It’s alive! Like something out of Mel Brooks’ “Young Frankenstein,” a group of scientists at the Yale School of Medicine recently tried to revive dead brains from pigs. As reported recently in the journal Nature, by pumping and filtering nutrient-filled fluid through the brains’ blood vessels, the scientists managed to preserve some brain cells that were dying and restore some cellular function.
A technological feat, to be sure. Does this call into a question the finality and irreversibility of brain death as death? I think not.
I’ve been a passionate activist on behalf of organ donation for 18 years, so this is not an abstract issue to me. If a person declared brain dead is not actually dead, or if that condition is reversible, it would be immoral to remove organs for transplantation because that would be killing the donor. That is not what this study shows, however. And, yet, the response seems completely disproportionate to its findings.
Bioethicist Nita Farahany of Duke University School of Law remarked: “It was mind-blowing ... . We had clear lines between ‘this is alive’ and ‘this is dead.’ How do we now think about this middle category of ‘partly alive?’ We didn’t think it could exist.” Hank Greely, president of the International Neuroethics Society and a Stanford law professor, said: “It blew me away ... . Assuming always that this work is replicated, I think it’s going to force us to think harder about how we declare somebody dead or not.”
Frankly, I’m amazed at their amazement.
For years, researchers have been culturing cells taken from brains that were oxygen-deprived for more than eight hours. The only thing new here is that the cells remained within the brain structure instead of being put in a petri dish. There was limited restoration of cellular function. More importantly, there was no restoration of brain function — no communication between cells or coherent organized neurological processes.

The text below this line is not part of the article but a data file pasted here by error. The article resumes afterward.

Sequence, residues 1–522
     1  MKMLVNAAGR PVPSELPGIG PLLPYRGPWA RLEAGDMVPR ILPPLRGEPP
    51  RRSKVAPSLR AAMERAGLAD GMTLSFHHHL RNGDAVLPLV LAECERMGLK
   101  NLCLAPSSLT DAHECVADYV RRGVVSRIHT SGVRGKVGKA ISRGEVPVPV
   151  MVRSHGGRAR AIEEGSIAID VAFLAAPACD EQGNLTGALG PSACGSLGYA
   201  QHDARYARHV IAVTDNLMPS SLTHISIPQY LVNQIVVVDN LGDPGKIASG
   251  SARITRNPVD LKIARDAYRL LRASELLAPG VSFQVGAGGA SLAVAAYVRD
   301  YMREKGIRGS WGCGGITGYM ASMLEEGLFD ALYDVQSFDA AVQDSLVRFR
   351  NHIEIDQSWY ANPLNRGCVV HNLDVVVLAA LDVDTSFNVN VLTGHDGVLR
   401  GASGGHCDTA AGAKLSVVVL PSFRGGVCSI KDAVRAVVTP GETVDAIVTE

And what indeed are the ramifications of extending the life of cells in an organ that doesn’t work? Professors of bioethics Stuart Youngner and Insoo Hyun at Case Western Reserve University School of Medicine suggest this means that the medical community needs to debate when it’s reasonable to abstain from removing organs from brain-dead, heart-beating bodies in order to focus on “brain resuscitation.”
But there is a world of difference between cells and an organ. Live heart cells can be found inside a dead heart; that doesn’t make the heart alive. Just because there are living cells in a brain doesn’t mean there is consciousness, thoughts, pain or pleasure.
The brain of a person with a fatal head injury inevitably begins to swell inside the skull to the point that the heart can no longer pump oxygenated blood into it. Without oxygen, chemical reactions cause the cell membranes to break down and liquefy.
Once this process starts, the person’s brain is decaying in the same manner of someone who had died of a heart attack. Should we also rethink burial or cremation for heart attack victims?
The media circus around this study implies that researchers created a Lazarus-type technology that can resurrect the dead. They did not. They simply found that cells die more slowly than previously thought and they were able to support the cells and enable them to regain limited function.